Tag: clinical rotations

Kiah McSwain (1 Posts)

Contributing Writer

Florida State University College of Medicine


Kiah is a fourth-year medical student at Florida State University College of Medicine in Tallahassee, FL Class of 2022. In 2018, she graduated magna cum laude from Florida State University with a Bachelor of Science in biological science with a minor in chemistry. She enjoys painting, writing, and reading fantasy novels in her free time. Kiah plans to pursue a career in ophthalmology.




Medicalizing My Grief

A classmate of mine committed suicide a few weeks ago. Though I’ve heard the harrowing statistics about physician and trainee suicide rates, to be honest, I never expected to personally encounter such a tragedy. The small classes at my medical school allow for a strong sense of community in which we all know each other, celebrate important life milestones, and happily reconnect when we’re together after clinical rotations scatter us throughout the hospital.

A Moment to Reflect

The first thing I notice are his boots. He’s still in his street clothes, having just been admitted. He looks thin, emaciated — his clothes hang off him, shirt collar drooping down from his neck like peeling paint. His boots, however, seem to fit him properly. They look warm, well-worn but sturdy, like they have weathered a hundred bitter winters and could withstand a hundred more. For some reason, this comforts me.

How Social Distancing Is Affecting the Elderly

For many of the elderly and their families, the COVID-19 pandemic has been a scary and trying time. A major concern has been the physical health and safety of this vulnerable population. In addition to community infection control measures like social distancing and avoidance of public gatherings to slow the initial spread of the outbreak, public health officials have also endeavored to protect high-risk populations by recommending electronic visits with loved ones, whether they are at private homes, nursing homes, or in the hospital.

Doctor/Patient Patel

My medical school career was complicated by more than just complex cardiac physiology or biochemical pathways. Little did I know that at the end of my second year I would go from knocking on a patient’s door during a clinical session, to sitting in an exam room myself.

Imagine

Upon arriving at the room, we learn that the nurse continued trying to speak to this patient in English despite the patient’s evident inability to speak the language. Following her half-hearted attempt at “patient education,” she proceeded to lift the patient’s gown and attempts to strap on the monitors. As a result, the woman is frightened by her nurse because she is unaware of what this foreign nurse is doing to her and her unborn child. One week out from detention. She is scared. Imagine.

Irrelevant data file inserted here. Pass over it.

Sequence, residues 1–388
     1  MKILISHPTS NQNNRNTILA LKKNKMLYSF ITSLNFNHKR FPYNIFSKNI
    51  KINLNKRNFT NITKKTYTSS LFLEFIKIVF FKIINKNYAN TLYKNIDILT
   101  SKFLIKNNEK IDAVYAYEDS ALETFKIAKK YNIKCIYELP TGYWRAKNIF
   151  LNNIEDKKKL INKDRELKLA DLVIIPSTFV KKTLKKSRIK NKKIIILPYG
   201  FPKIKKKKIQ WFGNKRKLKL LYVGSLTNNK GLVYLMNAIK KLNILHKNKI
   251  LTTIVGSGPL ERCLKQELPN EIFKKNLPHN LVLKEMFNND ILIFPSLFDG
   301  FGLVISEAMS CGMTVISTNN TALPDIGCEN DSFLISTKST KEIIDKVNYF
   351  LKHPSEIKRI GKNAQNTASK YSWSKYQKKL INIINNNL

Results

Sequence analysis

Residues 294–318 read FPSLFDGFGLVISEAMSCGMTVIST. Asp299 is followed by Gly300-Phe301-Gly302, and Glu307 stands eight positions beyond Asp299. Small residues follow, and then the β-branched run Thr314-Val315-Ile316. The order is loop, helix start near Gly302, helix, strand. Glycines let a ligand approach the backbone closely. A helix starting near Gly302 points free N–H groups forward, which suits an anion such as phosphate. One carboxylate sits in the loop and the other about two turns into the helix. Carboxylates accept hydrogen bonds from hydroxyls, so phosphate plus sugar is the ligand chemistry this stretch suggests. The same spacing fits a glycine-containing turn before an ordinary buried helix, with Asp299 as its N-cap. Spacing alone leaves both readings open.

Halfway

When the start of M3 year came along, I was ready: ready to put my First Aid book to rest, ready to be involved with patient care, ready to observe physicians in their realm of expertise and ready to find my place in the broad field of medicine. Now, halfway through the twelve months of clerkships, I ask myself, was it all I imagined it would be as an inexperienced first-year student?

cirque

Narrative in Cirque

When I was 17, I went to the gynecologist for a Pap smear because my mom said, “Once you have sex you have to get one.” It felt like punishment, but it was also the only way I had a chance of getting birth control. I went to three different doctors and exam after exam, they kept saying I could have cancer. I did a ‘colpo’ — whatever that is. After that, they did three different procedures on me, three, all to take pieces of my cervix. I don’t remember what they were called or what even happened. All I remember is the pain.

The Pilot in the Labor Ward

There are many reasons a medical student may struggle on their obstetrics and gynecology rotation. There is an obvious lack of medical knowledge or procedural skills common in all clinical rotations. But, on OB/GYN, it can be especially challenging for male medical students to gain the confidence to feel comfortable talking about sensitive topics and being present for sensitive exams.

Red Lines, Black Bodies

I entered the office of the Community Health Council of Wyandotte County, Kansas City, on a muggy, late-summer day during my family medicine rotation. The air-conditioned building boasted a large front room with sporadically placed desks, children’s books and toys, and what looked like a large food pantry. I flexed my elbows and wagged my arms to fan out the sweat from my Black body enshrouded in my white coat.

J. Kai Simmons (1 Posts)

Contributing Writer

University of Kansas School of Medicine


J. Kai Simmons is a fourth-year medical student at the University of Kansas School of Medicine in Kansas City, Kansas. In 2014, he graduated from the University of Kansas with a Bachelor of Science in biochemistry. Kai is currently applying for residency in Otolaryngology. During residency, he hopes to continue his work with underrepresented minorities in medicine with various mentorship programs.